Boettcher Foundation Helps Early-Career Scientists
By: Colorado BioScience Association Date: 08/29/2017
Funding Propels Investigators’ Research
The Boettcher Foundation launched its Webb-Waring Biomedical Research Awards with the goal of helping early-career investigators advance their research to a point where they would qualify for their first major federal grants.
As part of our ongoing Breakthrough Profiles series, Colorado BioScience Association is pleased to highlight the Boettcher Foundation’s Webb-Waring Biomedical Research Awards program. In 2017, recipients were awarded $235,000 in grant funding to sustain three years of biomedical research and honored with the title of Boettcher Investigator.
Since the first class was selected in 2010, Boettcher Investigators have gone on to receive major funding from a variety of federal sources, including the National Institutes of Health (NIH) and U.S. Department of Defense. Now, a new form of funding from the NIH is giving both the Boettcher Foundation and its investigators another reason to celebrate.
Maximizing Investigators’ Research Awards, or MIRA grants, are a new form of funding designed to allow researchers to take bigger risks and explore new ideas that may not have qualified for funding before.
The first round of MIRA grants were awarded in the fall of 2016 as part of a pilot program. Colorado researchers snagged seven of the awards, ranking the state fourth for the total number of MIRA grants received, just behind California, New York and Pennsylvania. Of the seven Colorado MIRA grants, five went to Boettcher Investigators.
“Our goal with the Webb-Waring Biomedical Research Awards is to keep Colorado’s top scientists in the state and allow them to develop their research to a point where it will bring in major grant funding,” said Katie Kramer, President and CEO of the Boettcher Foundation.
“The fact that Boettcher Investigators have been so successful in securing MIRA grants is an incredible validation of our selection process and our funding model,” Kramer added.
MIRA grants, which are awards by the National Institute of General Medical Sciences, differ from traditional NIH funding, which tends to fund more specific and well-developed research. An investigator is typically expected to have a very specific hypothesis, whereas MIRA is intended to fund more innovative projects that contribute to the general understanding of science rather than proving a specific outcome.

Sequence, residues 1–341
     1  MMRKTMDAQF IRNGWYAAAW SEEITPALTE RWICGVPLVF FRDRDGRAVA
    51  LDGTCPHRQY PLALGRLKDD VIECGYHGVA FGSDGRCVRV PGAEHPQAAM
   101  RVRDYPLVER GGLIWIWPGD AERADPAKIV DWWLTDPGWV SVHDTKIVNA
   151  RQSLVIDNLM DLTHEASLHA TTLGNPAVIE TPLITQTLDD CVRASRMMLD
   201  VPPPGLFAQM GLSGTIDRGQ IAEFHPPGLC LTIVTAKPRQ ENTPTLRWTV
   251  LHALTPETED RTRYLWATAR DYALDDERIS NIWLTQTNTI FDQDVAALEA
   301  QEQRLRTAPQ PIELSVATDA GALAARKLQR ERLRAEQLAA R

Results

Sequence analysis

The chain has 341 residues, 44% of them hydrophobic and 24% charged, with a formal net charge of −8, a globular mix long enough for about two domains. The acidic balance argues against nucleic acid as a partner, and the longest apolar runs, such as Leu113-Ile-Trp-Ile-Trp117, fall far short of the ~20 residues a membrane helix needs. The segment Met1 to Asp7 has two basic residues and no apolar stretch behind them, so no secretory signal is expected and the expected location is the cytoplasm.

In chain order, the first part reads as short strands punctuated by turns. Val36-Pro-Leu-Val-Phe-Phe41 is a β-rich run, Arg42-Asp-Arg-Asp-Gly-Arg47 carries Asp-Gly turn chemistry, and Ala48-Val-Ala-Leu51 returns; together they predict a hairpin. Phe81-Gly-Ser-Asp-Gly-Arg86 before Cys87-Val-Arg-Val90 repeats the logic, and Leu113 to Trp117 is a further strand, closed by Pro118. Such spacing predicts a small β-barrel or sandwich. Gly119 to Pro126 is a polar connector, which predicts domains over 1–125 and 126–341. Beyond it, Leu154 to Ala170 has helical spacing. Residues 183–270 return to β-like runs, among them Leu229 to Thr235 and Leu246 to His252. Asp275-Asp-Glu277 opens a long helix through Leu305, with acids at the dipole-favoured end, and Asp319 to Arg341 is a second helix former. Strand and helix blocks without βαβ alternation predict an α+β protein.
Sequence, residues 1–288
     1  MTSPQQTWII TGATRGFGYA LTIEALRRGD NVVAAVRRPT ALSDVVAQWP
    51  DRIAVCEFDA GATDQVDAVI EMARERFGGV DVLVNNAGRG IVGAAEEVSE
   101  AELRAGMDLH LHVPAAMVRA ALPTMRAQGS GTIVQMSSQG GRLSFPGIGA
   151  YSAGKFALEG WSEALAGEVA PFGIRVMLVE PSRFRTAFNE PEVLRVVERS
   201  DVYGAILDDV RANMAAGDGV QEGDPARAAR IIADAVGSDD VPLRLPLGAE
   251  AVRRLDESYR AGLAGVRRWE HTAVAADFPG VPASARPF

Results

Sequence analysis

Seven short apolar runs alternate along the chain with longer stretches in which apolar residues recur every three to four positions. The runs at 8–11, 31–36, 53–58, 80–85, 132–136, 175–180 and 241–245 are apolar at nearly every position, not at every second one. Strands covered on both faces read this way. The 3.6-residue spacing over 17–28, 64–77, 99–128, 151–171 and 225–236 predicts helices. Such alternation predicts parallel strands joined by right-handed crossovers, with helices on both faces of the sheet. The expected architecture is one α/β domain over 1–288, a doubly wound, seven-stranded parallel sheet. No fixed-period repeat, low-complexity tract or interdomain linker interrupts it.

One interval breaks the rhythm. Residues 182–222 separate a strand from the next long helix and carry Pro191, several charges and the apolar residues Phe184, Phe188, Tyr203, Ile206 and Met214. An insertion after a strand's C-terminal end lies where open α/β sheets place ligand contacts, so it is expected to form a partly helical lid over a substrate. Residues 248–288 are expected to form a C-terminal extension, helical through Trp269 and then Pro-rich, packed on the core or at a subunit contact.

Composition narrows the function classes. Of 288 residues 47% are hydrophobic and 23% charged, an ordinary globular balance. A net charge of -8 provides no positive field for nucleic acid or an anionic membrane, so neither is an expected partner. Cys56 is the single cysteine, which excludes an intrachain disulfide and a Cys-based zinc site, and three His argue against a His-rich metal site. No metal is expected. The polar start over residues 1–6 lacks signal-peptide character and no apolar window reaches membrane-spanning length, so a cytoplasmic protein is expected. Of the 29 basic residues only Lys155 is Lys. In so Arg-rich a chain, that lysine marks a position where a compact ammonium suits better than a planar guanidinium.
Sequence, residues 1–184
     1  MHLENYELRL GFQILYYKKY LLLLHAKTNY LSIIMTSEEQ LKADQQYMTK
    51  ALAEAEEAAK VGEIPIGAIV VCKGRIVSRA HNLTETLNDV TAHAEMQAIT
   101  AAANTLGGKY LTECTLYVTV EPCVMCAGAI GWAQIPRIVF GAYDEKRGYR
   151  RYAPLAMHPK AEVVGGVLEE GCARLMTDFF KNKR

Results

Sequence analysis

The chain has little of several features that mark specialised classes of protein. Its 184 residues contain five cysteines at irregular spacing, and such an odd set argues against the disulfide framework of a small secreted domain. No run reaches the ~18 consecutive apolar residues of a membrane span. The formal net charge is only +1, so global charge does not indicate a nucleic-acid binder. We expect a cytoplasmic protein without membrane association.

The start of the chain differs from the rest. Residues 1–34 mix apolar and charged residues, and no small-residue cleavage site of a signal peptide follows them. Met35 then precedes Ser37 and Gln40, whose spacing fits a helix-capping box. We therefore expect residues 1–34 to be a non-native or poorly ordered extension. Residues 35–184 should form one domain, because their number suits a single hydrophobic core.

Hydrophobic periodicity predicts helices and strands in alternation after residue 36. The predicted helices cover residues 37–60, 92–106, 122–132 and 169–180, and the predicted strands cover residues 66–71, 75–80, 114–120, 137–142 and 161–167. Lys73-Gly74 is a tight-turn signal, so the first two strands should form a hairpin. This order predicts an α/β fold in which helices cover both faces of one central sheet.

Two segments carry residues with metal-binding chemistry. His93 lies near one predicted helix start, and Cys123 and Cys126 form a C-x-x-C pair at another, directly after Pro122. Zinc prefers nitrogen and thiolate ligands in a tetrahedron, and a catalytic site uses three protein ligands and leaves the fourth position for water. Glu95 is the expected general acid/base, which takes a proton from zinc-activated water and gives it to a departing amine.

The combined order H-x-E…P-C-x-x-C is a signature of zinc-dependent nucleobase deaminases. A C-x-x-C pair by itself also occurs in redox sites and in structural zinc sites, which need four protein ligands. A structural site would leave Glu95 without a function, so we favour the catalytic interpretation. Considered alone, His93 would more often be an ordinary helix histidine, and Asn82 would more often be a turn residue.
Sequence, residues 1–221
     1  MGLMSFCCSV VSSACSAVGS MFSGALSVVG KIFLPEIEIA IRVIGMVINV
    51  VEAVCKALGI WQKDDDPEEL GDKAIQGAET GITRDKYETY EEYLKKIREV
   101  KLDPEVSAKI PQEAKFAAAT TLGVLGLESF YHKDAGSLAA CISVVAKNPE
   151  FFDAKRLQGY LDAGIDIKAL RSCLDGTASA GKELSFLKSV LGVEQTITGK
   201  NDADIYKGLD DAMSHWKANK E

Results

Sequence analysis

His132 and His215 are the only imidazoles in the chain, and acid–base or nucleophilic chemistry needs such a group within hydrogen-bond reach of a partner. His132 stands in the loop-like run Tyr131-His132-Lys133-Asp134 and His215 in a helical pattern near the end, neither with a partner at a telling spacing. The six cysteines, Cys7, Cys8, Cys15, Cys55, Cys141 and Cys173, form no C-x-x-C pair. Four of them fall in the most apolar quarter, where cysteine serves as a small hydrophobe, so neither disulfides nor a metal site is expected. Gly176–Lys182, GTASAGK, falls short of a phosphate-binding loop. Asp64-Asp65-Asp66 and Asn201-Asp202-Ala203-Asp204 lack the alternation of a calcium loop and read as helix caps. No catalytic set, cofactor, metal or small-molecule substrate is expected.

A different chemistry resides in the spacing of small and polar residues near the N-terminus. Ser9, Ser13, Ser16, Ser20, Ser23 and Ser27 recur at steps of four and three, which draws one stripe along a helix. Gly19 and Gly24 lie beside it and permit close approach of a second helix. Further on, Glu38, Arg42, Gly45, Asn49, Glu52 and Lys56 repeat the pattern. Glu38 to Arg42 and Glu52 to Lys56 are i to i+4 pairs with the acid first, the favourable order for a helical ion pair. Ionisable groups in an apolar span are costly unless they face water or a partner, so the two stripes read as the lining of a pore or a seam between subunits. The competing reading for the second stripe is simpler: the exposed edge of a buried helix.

“People were making their applications extremely safe,” said Lucas Argueso, a 2013 Boettcher Investigator and an associate professor in the Department of Environmental and Radiological Health Sciences in the College of Veterinary Medicine and Biomedical Sciences at Colorado State University. “Scientists were becoming too conservative. It’s hard to predict which science is going to give you breakthroughs.”
Argueso was awarded MIRA funding for his research, which examines a form of genetic change known as copy number mutation. In addition to Argueso, CSU Boettcher Investigators Tai Montgomery, an assistant professor in the Department of Biology, and Tim Stasevich, an assistant professor in the Department of Biochemistry and Molecular Biology, also received MIRA funds.
At the University of Colorado, Boettcher Investigators Loren Hough and Aaron Johnson were also MIRA recipients. Hough is an assistant professor of physics and Johnson is an assistant professor in the Department of Integrative Biology.
Hough is researching how a protein tail on microtubules might control different features of a cell.
“This research is, in all regards, very different,” Hough said, adding that receiving a Webb-Waring Award from the Boettcher Foundation gave him the confidence to continue pursuing new directions in his research. “It’s a risk to take on something new, especially as a professor,” he noted.
Lee Niswander, a professor and section head for developmental biology at CU, who serves on the CU selection committee for the Boettcher Foundation’s Webb-Waring Awards, noted that the Webb-Waring Awards and MIRA are a natural combination.
“What’s so lovely about the Boettcher Foundation funding is they really do value original and creative thinking,” she said.
By helping propel the research of Colorado’s top early-career scientists, the Boettcher Foundation is helping the state of Colorado become a leader among scientific innovators and to support out-of-the-box thinking among Colorado’s researchers.
Meet the 2017 Class of Boettcher Investigators.